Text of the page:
Hugh Pritchard, Biathlete

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Hugh Pritchard
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January 2002
Thursday, 3 January, Ruhpolding

Training in the best snow conditions I have ever seen here in Ruhpolding: plenty of new snow on all the tracks around town and up to the biathlon centre, and remodelled tracks at the biathlon centre.

Unfortunately I made the classic error of not being strict enough about avoiding people at Christmas, and went down with a cold the day I arrived here, so training has not really happened. A great shame, as it would have been very useful to get some physical training done to get back what I lost over 3 weeks of racing.

Testing skis this afternoon for our little 'selection race' tomorrow: Ricco Gross came over the hill, saw what I was doing and joined in, suggested a better place to test, tried my skis and gave his opinion... Back to the waxing shed, and Ricco came in with a lump of the wax he recommended for tomorrow; Tom was disgusted at my taking a private race so seriously, so Ricco gave me his best skis for these conditions, already waxed with the right stuff... It goes against the grain getting one's advantage from the gear, but it is always fun having good skis.

7 January, Oberhof

A metre of snow in Oberhof: unheard of. But rather than the -18° we heard of a couple of days ago it is thawing and foggy: standard conditions.

An excruciating drive: left the Autobahn near Coburg and followed the East German drivers who think 40kmh is a good way of getting around for hours before drifting into dark, foggy Oberhof with great banks of snow making the whole place unrecognisable.

We stay in a typically communist hotel: enormous enough to take an entire factory's workforce, the heating is probably a significant factor in the Oberhof thaw (we have every window and door in the place open: it is not possible to turn the heating off). They only clear the snow down to 6" depth, so that getting out of the carpark takes the whole team pushing. Eddy Lowe is here as team manager, telling stories of the good old days when this hotel was where the top teams stayed...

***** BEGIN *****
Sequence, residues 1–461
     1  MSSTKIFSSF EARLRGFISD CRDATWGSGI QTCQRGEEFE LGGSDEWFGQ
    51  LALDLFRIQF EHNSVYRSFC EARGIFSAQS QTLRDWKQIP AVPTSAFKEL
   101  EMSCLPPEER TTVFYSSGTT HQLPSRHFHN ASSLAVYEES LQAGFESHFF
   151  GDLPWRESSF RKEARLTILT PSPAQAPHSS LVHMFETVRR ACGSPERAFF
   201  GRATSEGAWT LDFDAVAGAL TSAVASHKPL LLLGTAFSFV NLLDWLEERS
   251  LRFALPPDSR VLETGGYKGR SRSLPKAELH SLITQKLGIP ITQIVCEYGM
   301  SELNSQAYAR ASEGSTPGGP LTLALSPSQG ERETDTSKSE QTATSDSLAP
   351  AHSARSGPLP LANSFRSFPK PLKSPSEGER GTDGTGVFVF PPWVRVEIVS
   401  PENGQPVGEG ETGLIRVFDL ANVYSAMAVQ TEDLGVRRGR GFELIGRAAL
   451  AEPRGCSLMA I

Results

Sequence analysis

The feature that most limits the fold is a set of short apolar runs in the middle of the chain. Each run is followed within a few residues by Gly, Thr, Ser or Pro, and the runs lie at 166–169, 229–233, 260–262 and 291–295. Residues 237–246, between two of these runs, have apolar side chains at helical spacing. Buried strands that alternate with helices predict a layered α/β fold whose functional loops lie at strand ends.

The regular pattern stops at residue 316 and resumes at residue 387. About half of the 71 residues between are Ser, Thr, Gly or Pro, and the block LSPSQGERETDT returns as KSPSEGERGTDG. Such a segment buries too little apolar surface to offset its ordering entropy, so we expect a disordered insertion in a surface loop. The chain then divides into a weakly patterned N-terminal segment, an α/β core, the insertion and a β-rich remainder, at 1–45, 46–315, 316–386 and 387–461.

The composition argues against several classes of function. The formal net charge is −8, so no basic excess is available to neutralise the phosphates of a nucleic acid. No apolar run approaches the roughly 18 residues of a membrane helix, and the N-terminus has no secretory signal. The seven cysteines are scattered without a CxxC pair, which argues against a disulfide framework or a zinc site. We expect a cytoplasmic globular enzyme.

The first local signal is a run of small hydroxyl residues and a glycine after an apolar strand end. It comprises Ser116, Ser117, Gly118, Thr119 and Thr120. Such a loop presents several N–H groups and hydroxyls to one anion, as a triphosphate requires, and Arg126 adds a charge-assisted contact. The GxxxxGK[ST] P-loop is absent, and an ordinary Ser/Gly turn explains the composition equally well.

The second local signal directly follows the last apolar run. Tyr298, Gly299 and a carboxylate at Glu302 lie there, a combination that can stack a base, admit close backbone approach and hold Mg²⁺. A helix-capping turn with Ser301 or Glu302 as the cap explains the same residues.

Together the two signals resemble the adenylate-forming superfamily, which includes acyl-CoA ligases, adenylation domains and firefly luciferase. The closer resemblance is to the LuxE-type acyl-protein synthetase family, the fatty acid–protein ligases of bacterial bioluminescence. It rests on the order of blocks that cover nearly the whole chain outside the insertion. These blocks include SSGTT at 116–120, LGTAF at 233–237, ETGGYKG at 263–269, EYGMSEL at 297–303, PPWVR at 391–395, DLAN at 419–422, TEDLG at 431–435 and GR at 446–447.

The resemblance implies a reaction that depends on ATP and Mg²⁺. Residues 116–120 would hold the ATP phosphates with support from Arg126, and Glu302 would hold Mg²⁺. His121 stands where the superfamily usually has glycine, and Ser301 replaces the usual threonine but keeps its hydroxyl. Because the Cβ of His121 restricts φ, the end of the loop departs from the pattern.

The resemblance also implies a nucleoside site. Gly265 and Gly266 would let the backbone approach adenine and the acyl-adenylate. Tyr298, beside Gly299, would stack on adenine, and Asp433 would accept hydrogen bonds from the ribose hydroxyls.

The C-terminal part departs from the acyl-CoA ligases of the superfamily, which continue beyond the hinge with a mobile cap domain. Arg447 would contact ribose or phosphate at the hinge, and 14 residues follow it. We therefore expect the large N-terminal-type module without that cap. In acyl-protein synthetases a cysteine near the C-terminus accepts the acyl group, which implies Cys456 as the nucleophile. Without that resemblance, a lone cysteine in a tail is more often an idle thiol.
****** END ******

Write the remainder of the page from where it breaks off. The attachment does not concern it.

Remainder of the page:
Friday 11 January, Ruhpolding

Back 'home', having fled Oberhof early.

Coming out of the WolfschluchtIn the Sprint on Wednesday, I was psyched for a tough race - the course climbs continuously from its lowest point to its highest in a hill 58m high. I shot excellently in training the day before. The conditions were my favourite for shooting, with the sun on the targets. But the wind got up between zeroing and my race time, and I got the windage adjustment wrong - I fired 5 shots tightly grouped on the right edge of the target, and only 2 went down. A depressing time on the penalty loop in front of the crowds, then all forgotten as I tip off the bridge and down into the Wolfschlucht ('wolf's gorge'), clocking 72kmh at the bottom. My stand shoot I cleared in a thumping 27 seconds to salvage some self-respect, but on a hard course like this I just can't ski fast enough, and finished 90th of 111.

So, I have not achieved the Olympic qualifying standard. But I am not going to abandon hope until the fat lady has sung: there are still 2 more World Cup meets before the Olympics start, and surely the BOA wants to send a full team - I have been issued the clothes, the accommodation is booked...

 

Thursday, 17 January

And I am going to the Olympics! Selection

The relay race yesterday was not a great one for us, and was made to look worse than it was by Germany, Russia and Norway all having great races. But the relay team had already qualified for the Olympics, and only needed to show reasonable form in the current season. The BOA's qualification committee was in session in London from the minute the results were posted, and we were on tenterhooks in the VIP tent after the race, guzzling sausages and apple juice and talking to the girls who run the Oslo World Cup, waiting... Eventually the phone rang, and Mark Goodson, our performance director, talked to let us know what was happening, and there was a big cheer when he gave the thumbs-up.

So I fly home on Sunday, and out to Canada on Thursday for Team GB's pre-Olympic training camp. A big chunk of training now, which is a rare opportunity mid-Winter, and which I intend to make good use of to get some strength and power into my legs. A lot to do meanwhile.

 

Thursday 24 January, London